About Bipolar Disorder in Adult Patients

Bipolar Depression Is Commonly Misdiagnosed in Adults1


Unipolar depression is the most common misdiagnosis, followed by anxiety disorders, schizophrenia, personality disorders, and substance- or alcohol-abuse disorders1

  • Depressive symptoms of unipolar depression are the same as those of bipolar depression2

Many adult patients wait more than 10 years from the onset of symptoms to receive an accurate diagnosis of bipolar disorder1,3

Screening tools such as the Mood Disorder Questionnaire (MDQ) and Composite International Diagnostic Interview (CIDI) 3.0 have been developed to help clinicians uncover a history of mania to differentiate bipolar depression from unipolar depression4,5

Depression Is Often Seen at the Onset of Bipolar Disorder in Adult Patients6

On average adult patients with bipolar disorder experience 3 times more depression than mania7

In some cases adult patients may experience depressed moods without mood elevation for 5 or more years8

Symptoms of mania may be overlooked or underreported9,10

 

Antidepressants May Be Ineffective for Bipolar Disorder in Adult Patients10-12

Treatment for bipolar disorder in adult patients most often starts with antidepressants, despite limited evidence of effectiveness10-12

Use of antidepressants in bipolar disorder:

  • May be ineffective, resulting in multiple-drug treatment failure10,11
  • May induce an affective switch to mania or hypomania10,11
  • Non-response to antidepressants may be an indicator of bipolar disorder; therefore, it may be useful for adult patients who are not responding to treatment with antidepressants to be screened for bipolar disorder11

Only a few FDA-approved agents are indicated for the treatment of bipolar depression10

 

References:

  1. Hirschfeld RM, Lewis L, Vornik LA. Perceptions and impact of bipolar disorder: how far have we really come? Results of the National Depressive and Manic-Depressive Association 2000 survey of individuals with bipolar disorder. J Clin Psychiatry. 2003;64(2):161-174.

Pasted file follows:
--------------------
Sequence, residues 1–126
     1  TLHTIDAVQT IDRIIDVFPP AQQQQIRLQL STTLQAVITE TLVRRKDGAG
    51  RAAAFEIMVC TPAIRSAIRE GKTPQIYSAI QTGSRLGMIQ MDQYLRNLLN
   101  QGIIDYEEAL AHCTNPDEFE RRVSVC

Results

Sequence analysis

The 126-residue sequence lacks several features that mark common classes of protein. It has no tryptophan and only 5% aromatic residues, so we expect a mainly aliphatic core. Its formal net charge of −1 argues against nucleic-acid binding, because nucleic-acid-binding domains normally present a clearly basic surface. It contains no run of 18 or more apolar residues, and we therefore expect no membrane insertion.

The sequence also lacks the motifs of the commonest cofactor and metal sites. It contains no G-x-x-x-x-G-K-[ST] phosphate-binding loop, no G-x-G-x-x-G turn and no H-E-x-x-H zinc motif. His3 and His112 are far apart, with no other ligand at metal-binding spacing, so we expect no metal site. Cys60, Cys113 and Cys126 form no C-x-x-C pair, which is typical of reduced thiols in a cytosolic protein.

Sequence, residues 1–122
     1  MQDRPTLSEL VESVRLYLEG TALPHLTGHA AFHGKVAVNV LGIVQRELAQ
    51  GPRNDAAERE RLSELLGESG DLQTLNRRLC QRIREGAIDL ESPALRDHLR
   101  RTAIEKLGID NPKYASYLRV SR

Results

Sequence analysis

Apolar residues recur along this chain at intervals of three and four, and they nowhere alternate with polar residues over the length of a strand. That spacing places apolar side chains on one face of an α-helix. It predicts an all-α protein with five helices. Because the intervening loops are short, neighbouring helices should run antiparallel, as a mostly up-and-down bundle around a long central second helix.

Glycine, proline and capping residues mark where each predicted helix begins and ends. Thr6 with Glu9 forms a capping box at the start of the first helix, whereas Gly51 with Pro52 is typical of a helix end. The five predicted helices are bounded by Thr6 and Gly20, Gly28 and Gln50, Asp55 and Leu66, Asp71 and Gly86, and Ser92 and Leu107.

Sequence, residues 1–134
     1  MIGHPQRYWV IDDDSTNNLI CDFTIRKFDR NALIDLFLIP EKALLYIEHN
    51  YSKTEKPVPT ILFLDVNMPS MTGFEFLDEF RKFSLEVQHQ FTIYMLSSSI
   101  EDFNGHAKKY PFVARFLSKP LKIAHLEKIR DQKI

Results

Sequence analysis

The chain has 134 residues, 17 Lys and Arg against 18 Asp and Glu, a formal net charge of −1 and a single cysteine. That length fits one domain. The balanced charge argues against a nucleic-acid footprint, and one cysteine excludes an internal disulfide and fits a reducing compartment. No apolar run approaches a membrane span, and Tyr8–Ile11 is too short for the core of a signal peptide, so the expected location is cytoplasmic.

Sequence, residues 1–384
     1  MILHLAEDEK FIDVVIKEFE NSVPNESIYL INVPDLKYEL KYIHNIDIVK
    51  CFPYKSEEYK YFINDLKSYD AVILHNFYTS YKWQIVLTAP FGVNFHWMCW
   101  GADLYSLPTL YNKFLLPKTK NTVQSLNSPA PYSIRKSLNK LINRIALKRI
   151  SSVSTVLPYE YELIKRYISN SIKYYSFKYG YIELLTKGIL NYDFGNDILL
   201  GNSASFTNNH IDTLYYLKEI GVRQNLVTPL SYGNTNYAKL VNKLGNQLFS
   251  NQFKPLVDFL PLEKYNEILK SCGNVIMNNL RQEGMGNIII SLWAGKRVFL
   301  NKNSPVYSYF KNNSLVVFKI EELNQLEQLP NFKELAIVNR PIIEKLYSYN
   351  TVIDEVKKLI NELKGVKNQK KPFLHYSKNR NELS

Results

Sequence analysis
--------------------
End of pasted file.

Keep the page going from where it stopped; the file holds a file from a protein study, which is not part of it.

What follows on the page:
2. American Psychiatric Association. Diagnostic and Statistical Manual of Mental Disorders. 5th ed. Washington, DC:  American Psychiatric Association; 2013.
  3. Baldessarini RJ, Tondo L, Baethge CJ, Lepri B, Bratti IM. Effects of treatment latency on response to maintenance treatment in manic-depressive disorders. Bipolar Disord. 2007;9(4):386-393. 
  4. Hirschfeld RM, Williams JB, Spitzer RL, et al. Development and validation of a screening instrument for bipolar spectrum disorder: the Mood Disorder Questionnaire. Am J Psychiatry. 2000;157(11):1873-1875. 
  5. Kessler RC, Ustün TB. The World Mental Health (WMH) survey initiative version of the World Health Organization (WHO) Composite International Diagnostic Interview (CIDI). Int J Methods Psychiatr Res. 2004;13(2):93-121.
  6. Suppes T, Leverich GS, Keck PE, et al. The Stanley Foundation Bipolar Treatment Outcome Network. II. Demographics and illness characteristics of the first 261 patients. J Affect Disord. 2001;67(1-3):45-59.
  7. Judd LL, Akiskal HS, Schettler PJ, et al. The long-term natural history of the weekly symptomatic status of bipolar I disorder. Arch Gen Psychiatry. 2002;59(6):530-537.
  8. Perlis RH. Misdiagnosis of bipolar disorder. Am J Manag Care. 2005;11(9 suppl):S271-S274.
  9. Anderson IM, Haddad PM, Scott J. Bipolar disorder. BMJ. 2012;27;345:e8508. doi: 10.1136/bmj.e8508.
  10. Muzina DJ, Colangelo E, Manning JS, Calabrese JR. Differentiating bipolar disorder from depression in primary care. Cleve Clin J Med. 2007;74(2):89, 92, 95-99.
  11. Manning JS. Tools to improve differential diagnosis of bipolar disorder in primary care. Prim Care Companion J Clin Psychiatry. 2010;12(suppl 1):17-22. doi: 10.4088/PCC.9064su1c.03.
  12. Baldessarini RJ, Leahy L, Arcona S, Gause D, Zhang W, Hennen J. Patterns of psychotropic drug prescription for U.S. patients with diagnoses of bipolar disorders. Psychiatr Serv. 2007;58(1):85-91.